The Miami Dolphins enter the offseason with a lot of needs to fill.
One of the areas the Dolphins aren't expected to tinker with too much is the defensive line. Miami's front four, consisting of ends Cameron Wake and Jared Odrick and interior linemen Paul Soliai and Randy Starks, was one of the strongest defensive lines in all of football.
Miami finished the season with the 13th best rush defense, allowing 108.4 yards per game. The Dolphins racked up 42 sacks, good for seventh in the league. With a woeful secondary and linebackers that weren't always consistent, Miami's front four was the strong point of its defense in 2012.
And yet, it could have a new look heading into 2013.
Miami is looking to shake things up this offseason, and the defensive line could be a part of that. First, there's the issue of free agent Randy Starks. Starks is a monster in the trenches, using his 305 pounds to plug gaps and squash running lanes.
The Dolphins would be wise to re-sign Starks, but as with the rest of their free agents, discussions have yet to begin (at least as far as we can tell). Personally, I believe Miami will bring back Starks, but let's assume for a moment they do not.
Where does that leave Miami?
The linemen directly behind Starks (Tony McDaniel, rookie Kheeston Randall) aren't exactly starter quality. However, Jared Odrick could probably be moved inside. At 6'5" and 302 pounds, Odrick has the size to be an effective interior threat.
Odrick has finally begun to emerge as a valid lineman this season. But defensive end isn't his strong suit. Odrick was initially drafted to be a 3-4 defensive tackle. The switch to a 4-3 defense could affect his ability inside, but Odrick has performed well enough on the edge to inspire confidence in his abilities.
With Odrick moving to the inside, the possibilities for Miami to improve its pass rush are wide open. Odrick may have performed well at DE, but he is not an effective pass-rusher. He has only five sacks compared to Cameron Wake's 15.
That problem isn't exclusive to Odrick, though. Wake's 15 sacks accounted for roughly 36 percent of Miami's sack total (42). In fact, Odrick's five sacks put him second on the team behind Wake.
This must be remedied.
Thankfully, the draft looks to be choked with fiery pass-rushers.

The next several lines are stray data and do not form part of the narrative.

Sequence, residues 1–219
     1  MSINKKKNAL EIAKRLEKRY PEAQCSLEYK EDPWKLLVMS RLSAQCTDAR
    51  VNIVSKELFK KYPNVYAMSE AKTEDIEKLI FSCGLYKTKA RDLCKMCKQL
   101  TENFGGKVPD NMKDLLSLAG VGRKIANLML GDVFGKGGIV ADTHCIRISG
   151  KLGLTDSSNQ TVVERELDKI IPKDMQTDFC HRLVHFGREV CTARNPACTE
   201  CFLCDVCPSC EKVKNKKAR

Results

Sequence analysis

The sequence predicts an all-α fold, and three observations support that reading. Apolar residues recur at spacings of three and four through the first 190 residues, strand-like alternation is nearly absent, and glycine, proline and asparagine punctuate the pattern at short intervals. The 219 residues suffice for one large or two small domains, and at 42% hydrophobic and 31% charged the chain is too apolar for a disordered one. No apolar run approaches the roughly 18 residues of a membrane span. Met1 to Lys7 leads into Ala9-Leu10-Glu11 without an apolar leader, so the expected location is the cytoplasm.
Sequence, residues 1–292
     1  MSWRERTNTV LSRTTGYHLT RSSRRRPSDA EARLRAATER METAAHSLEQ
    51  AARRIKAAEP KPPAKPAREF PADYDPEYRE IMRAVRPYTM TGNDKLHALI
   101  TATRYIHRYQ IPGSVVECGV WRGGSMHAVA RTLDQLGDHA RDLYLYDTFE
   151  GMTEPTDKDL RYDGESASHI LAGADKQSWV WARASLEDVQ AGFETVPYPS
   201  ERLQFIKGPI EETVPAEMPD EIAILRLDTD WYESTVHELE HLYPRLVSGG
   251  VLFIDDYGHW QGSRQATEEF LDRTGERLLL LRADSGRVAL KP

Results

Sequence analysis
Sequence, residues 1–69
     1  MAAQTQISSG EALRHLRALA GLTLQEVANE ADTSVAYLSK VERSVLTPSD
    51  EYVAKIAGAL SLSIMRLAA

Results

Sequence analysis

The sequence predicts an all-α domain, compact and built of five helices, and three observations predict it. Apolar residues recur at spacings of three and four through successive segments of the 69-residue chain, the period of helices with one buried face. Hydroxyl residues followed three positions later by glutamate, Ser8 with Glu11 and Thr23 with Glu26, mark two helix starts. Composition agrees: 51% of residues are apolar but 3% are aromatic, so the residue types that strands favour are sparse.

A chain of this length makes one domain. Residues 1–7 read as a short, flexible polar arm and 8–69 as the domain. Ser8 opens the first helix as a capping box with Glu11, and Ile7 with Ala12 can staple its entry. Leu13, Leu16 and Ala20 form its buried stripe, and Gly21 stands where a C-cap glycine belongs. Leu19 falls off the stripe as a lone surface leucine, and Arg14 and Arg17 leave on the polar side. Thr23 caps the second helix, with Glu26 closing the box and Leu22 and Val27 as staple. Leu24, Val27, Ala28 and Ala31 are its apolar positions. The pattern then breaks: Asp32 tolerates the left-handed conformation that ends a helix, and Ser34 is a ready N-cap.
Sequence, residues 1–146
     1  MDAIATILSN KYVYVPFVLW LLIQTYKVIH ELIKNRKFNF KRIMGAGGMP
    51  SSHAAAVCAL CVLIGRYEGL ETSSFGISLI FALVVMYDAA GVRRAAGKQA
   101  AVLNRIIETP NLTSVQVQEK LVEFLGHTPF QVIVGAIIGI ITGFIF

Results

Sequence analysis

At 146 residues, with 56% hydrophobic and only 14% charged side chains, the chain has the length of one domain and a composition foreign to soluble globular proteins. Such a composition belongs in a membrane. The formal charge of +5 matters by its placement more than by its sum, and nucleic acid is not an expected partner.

Guys like Florida State's Bjoern Werner and Texas A&M's Damontre Moore are both projected as top-ten picks by Walter Football, so there's a good chance they won't be around when Miami picks at No. 12.
But the Dolphins would still have a shot at playmakers like Oregon's Dion Jordan, who at 6'7" and 243 pounds resembles Jason Taylor and has many of the former All-Pro's skills. If not Jordan, Miami could be enticed by LSU's pair of defensive ends, Sam Montgomery and Barkevious Mingo.
With the 12th pick, Miami will be well-placed to pick the best available at a position of need. It should be noted that while the bulk of this article has been speculation, Miami should still pull the trigger on one of these ends if there is no one better available.
Even if Starks returns and Odrick does not move inside, the Dolphins would benefit hugely from drafting a fierce pass-rushing end. Miami shouldn't take an end over a talented offensive guard or, say, Dee Milliner, but any one of these defensive ends could come in and immediately produce.
As stated earlier, the Dolphins aren't necessarily expected to mess with their defensive line. But crazier things have happened before. The biggest indicator of this change will be how the Dolphins handle Randy Starks.
If Starks is signed to a new deal or receives an extension, Miami's dominant line should return intact.
If Starks is released, look for a new front four in South Florida next season.